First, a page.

The Town of Coaldale is looking to transition back to a service provider contract with Alberta Health Services to help its struggling EMS system, according to the town’s mayor.
Jack Van Rijn believes its current “direct delivery” system — where AHS operates two ambulances out of the Coaldale Health Centre — isn’t working.
Coaldale has been under this model for around 12 years.
“They told us they would be able to take over the service and have the same level of care that we (had) when we were in control of it, and that’s not happening by any means,” he explained.
Prior to 2010, Coaldale operated fire and emergency medical service ambulances under one roof.
Nearby municipalities, including Lethbridge, use this model and Coaldale is hoping to return to it as well.
“A few of the benefits that we see from a contracted service is bringing EMS back to the fire hall and combining those two services so that way we know where the ambulances are, we have a little more knowledge of what’s going on,” said the director of protective services Kevin McKeown. “We have control over the staff and how those ambulances are staffed.
“We just want an equivalent level of service that other communities are getting.”
According to McKeown, the fire department has been under pressure due to rising code reds — where the fire department responds first to calls due to the lack of local ambulance availability.
Alberta Health Services has acknowledged the “unprecedented increase in emergency calls due to several combined factors” across the province.
Around 2012, McKeown said Coaldale fire crews were responding to about nine code red calls per year.
“Fast forward to 2022, and at the end of quarter two of this year, we’ve already done 39 code red events. So a huge increase,” he explained, adding their department is mostly made up of volunteers.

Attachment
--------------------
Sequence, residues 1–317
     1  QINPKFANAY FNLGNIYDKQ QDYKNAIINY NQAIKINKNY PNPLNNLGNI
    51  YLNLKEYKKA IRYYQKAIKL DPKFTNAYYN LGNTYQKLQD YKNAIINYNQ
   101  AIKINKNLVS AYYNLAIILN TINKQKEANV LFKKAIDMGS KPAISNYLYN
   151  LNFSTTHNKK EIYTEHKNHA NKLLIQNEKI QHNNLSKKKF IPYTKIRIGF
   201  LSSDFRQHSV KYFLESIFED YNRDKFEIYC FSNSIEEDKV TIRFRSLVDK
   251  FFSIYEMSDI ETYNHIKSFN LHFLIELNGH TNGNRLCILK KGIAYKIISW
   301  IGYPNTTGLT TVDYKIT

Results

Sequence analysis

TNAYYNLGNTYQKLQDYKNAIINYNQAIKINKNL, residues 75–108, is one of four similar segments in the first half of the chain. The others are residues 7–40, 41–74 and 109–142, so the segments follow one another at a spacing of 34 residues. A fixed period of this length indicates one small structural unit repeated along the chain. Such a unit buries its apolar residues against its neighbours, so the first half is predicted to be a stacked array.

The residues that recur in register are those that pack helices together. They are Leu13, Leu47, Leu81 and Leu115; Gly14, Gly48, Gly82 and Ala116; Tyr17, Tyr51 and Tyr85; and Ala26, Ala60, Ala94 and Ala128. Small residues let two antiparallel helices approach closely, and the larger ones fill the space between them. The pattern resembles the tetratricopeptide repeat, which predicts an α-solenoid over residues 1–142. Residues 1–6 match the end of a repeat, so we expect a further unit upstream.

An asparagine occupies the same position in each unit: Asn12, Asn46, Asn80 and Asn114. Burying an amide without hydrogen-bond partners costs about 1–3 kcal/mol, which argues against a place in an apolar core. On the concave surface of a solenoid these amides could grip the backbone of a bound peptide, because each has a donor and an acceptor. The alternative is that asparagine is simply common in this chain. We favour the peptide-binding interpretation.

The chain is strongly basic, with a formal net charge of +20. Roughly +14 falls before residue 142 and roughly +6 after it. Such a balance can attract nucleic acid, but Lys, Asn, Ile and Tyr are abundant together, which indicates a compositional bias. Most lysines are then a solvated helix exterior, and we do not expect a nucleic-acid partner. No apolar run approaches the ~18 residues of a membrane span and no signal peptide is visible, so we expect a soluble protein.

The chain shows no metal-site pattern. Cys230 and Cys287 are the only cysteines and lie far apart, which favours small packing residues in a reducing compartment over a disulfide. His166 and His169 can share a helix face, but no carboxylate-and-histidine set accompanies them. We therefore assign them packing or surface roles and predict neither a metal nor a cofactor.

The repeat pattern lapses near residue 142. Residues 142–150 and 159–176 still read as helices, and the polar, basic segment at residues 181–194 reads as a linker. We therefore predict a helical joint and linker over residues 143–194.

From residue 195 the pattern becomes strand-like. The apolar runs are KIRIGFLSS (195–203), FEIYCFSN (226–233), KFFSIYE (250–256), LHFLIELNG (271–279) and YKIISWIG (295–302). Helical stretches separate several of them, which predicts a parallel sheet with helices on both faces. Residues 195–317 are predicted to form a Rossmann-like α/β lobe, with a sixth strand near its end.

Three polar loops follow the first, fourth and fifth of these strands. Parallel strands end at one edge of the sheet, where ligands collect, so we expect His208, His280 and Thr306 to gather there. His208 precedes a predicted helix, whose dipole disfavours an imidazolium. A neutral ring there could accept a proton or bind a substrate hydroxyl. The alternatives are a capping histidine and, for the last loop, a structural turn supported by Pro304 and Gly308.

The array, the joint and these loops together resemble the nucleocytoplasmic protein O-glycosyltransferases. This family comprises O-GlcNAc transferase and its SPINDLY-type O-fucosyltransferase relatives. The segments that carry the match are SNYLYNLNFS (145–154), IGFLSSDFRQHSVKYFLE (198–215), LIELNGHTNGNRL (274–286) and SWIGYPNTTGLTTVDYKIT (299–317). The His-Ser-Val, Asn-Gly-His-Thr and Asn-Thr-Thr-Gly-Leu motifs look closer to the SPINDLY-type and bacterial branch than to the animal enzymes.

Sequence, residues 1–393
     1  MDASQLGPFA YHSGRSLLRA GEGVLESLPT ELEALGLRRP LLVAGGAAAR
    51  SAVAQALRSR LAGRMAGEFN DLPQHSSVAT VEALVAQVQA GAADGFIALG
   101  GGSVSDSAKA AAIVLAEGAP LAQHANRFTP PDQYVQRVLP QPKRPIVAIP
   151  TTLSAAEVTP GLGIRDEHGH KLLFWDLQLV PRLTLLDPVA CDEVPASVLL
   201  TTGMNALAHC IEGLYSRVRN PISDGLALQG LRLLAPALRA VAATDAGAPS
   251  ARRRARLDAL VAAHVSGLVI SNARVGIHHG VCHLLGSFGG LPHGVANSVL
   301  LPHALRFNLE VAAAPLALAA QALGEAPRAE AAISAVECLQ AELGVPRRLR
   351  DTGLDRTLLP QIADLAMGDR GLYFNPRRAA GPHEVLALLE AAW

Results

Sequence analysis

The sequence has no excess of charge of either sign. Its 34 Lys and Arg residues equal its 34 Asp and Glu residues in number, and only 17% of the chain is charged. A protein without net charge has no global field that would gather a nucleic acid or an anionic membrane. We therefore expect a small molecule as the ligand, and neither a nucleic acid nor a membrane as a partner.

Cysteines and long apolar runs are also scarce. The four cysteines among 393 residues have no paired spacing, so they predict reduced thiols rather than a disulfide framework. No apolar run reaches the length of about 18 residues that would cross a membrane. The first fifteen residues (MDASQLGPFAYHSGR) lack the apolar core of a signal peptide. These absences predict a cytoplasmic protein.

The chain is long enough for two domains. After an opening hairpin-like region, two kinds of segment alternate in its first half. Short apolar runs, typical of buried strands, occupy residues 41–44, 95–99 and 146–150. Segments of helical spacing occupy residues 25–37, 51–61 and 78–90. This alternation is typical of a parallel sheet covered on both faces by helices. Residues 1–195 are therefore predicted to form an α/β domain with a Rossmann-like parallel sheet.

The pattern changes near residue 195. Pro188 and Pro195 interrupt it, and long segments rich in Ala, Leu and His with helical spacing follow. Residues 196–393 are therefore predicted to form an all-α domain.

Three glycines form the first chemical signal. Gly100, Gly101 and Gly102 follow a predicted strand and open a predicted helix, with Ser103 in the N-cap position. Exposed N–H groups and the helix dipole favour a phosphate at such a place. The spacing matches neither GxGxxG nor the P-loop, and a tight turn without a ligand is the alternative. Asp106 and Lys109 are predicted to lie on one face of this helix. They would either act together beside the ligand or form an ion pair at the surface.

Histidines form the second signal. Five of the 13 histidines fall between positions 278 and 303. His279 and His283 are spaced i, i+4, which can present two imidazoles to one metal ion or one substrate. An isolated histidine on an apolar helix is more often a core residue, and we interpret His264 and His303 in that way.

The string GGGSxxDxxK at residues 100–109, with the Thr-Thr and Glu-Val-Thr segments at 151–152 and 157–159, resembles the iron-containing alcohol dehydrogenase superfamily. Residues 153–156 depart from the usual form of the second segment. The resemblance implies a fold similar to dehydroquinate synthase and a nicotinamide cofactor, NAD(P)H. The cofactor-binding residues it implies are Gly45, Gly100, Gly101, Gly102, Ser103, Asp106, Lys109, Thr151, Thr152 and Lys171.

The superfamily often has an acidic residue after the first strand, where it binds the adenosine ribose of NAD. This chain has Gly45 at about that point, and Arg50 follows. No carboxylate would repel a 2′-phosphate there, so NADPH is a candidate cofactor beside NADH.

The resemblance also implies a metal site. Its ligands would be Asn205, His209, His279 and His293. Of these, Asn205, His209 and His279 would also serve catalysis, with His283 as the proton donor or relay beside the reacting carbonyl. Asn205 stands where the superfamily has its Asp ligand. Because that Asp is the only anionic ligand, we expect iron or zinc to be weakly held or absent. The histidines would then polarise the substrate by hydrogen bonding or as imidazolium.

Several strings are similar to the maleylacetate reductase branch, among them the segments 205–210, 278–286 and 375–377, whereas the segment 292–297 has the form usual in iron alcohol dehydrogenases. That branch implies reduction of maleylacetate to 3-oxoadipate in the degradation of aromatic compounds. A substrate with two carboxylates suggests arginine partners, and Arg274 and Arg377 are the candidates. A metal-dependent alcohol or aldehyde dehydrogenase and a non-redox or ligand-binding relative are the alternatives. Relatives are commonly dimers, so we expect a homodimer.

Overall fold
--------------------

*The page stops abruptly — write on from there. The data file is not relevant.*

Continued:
“There’s added stress going to those calls when you don’t know where an ambulance is coming from or how long you’re going to be on scene with that patient waiting for an ambulance to come.”
In addition, a “core-flex” scheduling system means ambulances can only operate for so long before being shut down.
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“Because they’re getting so busy, they’re timing out more often and when they time out they shut that ambulance down,” McKeown said. “(Then) that ambulance is no longer in service for at least eight hours.”
On June 28, 2022, Van Rijn wrote a letter to Alberta Health Services outlining the decline in service levels and increase in response times.
Global News requested an interview with AHS on the matter but was declined.
“Targets for Coaldale are a median of 10 minutes for life-threatening events and 15 minutes for 90th percentile,” a statement from the health service provider read.
“In terms of a response to the letter, EMS has met with the Town of Coaldale to listen to their concerns and discuss the pressures that are currently being faced by EMS across the province. Out of respect to these ongoing discussions, EMS leadership will continue speaking directly with Coaldale town officials and won’t be commenting further at this time.”
Van Rijn said he had heard back from AHS’ senior provincial director and chief paramedic in the first week of July and is planning a meeting to discuss the issue further.
The town is also looking into adding a third ambulance to better serve the community and surrounding area.